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A PRIVATE COMPANY COUNTS OUR VOTES
November 4, 2004
the polls closed in
in the day, as the Democratic presidential candidate, Sen. John Kerry,
conceded defeat to George W. Bush, his 9th cousin and fellow Bonesman from
Yale's elite secret society, The Order of the Skull & Bones, he said:
"In America, it is vital that every vote count."
and Edwards, however, conceded defeat before some 170,000 - 250,000
provisional ballots from the state of
the public has been led to believe, the final tally came down to a near
50-50 split and it was the swing state of
how were the votes actually counted across the nation on November 2?
Election Day, voters in
as its known, calls itself "the world's largest and most
experienced provider of total election management solutions."
According to the company's own figures, 42 percent of all
registered voters in the
sells its "end-to-end election management suite of solutions" to
replace traditional voting methods and election officials with what it
calls "one-stop-shop full service election coordination from start to
this means on Election Day is that ES&S, a private company, manages
everything about the voting, from voter registration, the printing of
ballots, the programming of the voting machines, the counting and
tabulation of the votes, and the final reporting of the results for 60
million Americans in 47 states.
years after first revealing the flaws inherent in the insecure ES&S
electronic voting machines used in
Burnham, spokesman for the county clerk, had informed me that the vote
count is open to the public and that press credentials would not be
required. Shortly after
arriving, I ran into Burnham and David Orr, the county clerk, in the
I had arrived just shortly before the polls closed at 7 p.m., I was the
only member of the public or the press around except for a couple
Associated Press (AP) reporters in the far corner of the room.
They were busy setting up their laptop to the ES&S computer in
the backroom, which provided them with direct feed of the results.
was surprised to see so few people attending such an important event.
the results were coming in, the AP reporter read a novel while her laptop
did the communicating.
I went to talk to the AP reporter, Burnham quickly appeared and told me to
leave. "You should talk
to AP," he said.
is AP," I replied.
just works for AP," he said.
the subject of AP having direct data feed from the mainframe computer was
something Burnham did not want me to discuss.
Placko, a local reporter for the Fox News network, told AFP that "Fox
gets direct feed."
actual counting of the votes by citizens is very rare in the
I voted, every ballot that was fed into the ES&S machine registered as
an "undervote", as did mine.
than holding separate elections for national and local officials, as is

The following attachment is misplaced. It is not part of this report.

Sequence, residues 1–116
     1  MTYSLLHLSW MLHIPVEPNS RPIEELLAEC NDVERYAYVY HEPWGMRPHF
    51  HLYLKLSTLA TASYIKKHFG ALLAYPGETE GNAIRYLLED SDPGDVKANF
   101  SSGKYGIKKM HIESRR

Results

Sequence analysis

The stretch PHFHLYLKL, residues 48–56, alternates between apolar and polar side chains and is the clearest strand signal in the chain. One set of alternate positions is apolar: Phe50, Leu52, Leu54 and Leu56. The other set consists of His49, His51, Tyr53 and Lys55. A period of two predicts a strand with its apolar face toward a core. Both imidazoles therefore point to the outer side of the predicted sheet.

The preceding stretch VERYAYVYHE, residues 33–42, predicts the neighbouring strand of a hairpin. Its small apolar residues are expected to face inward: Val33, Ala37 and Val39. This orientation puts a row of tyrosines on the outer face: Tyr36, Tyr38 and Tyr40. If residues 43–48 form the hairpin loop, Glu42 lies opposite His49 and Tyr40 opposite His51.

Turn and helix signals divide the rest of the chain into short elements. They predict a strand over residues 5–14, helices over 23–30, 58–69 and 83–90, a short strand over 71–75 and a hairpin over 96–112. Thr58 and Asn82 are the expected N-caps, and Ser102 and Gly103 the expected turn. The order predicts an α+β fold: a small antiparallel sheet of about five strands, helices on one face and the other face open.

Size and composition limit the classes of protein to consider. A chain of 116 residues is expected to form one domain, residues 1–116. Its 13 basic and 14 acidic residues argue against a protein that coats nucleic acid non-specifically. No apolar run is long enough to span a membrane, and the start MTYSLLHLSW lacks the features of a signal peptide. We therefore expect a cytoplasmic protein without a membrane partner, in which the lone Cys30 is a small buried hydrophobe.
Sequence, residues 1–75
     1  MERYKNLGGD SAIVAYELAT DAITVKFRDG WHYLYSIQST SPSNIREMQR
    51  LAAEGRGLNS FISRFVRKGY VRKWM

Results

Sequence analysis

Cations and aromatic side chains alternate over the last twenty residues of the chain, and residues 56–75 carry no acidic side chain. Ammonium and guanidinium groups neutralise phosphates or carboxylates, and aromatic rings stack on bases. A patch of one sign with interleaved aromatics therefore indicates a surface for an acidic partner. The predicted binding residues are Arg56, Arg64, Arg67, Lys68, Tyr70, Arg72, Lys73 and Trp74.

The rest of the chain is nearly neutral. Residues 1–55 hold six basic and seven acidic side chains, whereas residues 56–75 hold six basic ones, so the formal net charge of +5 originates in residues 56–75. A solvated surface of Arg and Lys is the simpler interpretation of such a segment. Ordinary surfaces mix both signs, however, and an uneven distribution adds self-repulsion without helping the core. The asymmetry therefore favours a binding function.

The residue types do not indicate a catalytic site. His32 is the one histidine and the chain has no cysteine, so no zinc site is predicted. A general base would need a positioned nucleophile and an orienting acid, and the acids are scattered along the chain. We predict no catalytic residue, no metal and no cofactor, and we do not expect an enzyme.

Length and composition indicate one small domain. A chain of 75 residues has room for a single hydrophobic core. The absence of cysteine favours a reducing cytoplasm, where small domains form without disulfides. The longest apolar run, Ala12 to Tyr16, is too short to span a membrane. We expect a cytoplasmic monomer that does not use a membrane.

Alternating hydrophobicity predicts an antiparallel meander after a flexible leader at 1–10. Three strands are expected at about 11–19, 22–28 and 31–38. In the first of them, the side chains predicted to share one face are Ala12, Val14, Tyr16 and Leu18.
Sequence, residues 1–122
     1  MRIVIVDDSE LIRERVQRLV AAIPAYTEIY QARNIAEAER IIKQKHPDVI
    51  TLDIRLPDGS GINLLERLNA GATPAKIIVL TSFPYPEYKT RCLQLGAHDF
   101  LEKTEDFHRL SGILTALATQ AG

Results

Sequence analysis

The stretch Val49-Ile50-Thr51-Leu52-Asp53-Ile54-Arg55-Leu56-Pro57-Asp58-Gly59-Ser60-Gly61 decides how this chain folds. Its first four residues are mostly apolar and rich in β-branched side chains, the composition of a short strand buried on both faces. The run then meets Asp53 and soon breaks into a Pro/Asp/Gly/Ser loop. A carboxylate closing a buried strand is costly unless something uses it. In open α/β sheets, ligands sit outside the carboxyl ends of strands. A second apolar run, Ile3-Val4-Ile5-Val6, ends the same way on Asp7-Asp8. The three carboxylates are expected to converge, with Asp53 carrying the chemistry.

done in most countries, the
calling and personally visiting ES&S headquarters in
the company says it is the largest voting machine company in the
and Todd Urosevich started ES&S as a company called Data Mark in the
early 1980s. Today, Bob
Urosevich heads Ohio-based Diebold Election Systems, a competitor of
ES&S and the second largest
the computerized ballot scanners and touch-screen voting machines systems
made by ES&S and Diebold recorded some 80 percent of all votes cast in
ES&S had no media relations person available and Todd Urosevich was
not willing to be interviewed, the company's chief financial officer Tom O'Brien
finally appeared. O'Brien,
clearly displeased with my visit and questions, refused to provide any
information about the company.
I was ill on Election Day, I knew I had to go to the county clerk's office
to observe counting of the vote. It
is, after all, the only counting open to the public.
What I saw in
only vote count the press or public can observe in
Zimmerman, technical supervisor for the clerk's office, said that the
computer that ran the system was in the back, "in the ES&S room,"
7 p.m., Jonathan Lin, a worker on the county clerk's computer staff, came
out and turned on the monitors on the 6th floor, where the City
seemed surprised when I asked him if he worked for ES&S.
He said that the company had about 6 engineers running the computer
in the back room. He then
checked himself, saying he had said too much.
I asked Lin who was actually operating the computer that was generating
the results being shown on the monitors. "ES&S is running the
mainframe for all of this," Lin said pointing to the television
the press room in the back I noticed stacks of boxes containing Votamatic
voting machines and pre-punched ballots printed by ES&S of
I poked around in the hallway and peeked into the ES&S room an armed
marshal and ES&S employee quickly appeared.
In no condition for a confrontation, I made myself scarce.
met a couple reporters from CLTV, a local cable channel of WGN. One of the
reporters asked about my interest in the
unaware of how ES&S operates elections in
uncomfortable with this discussion the reporter responded, I'm glad I'm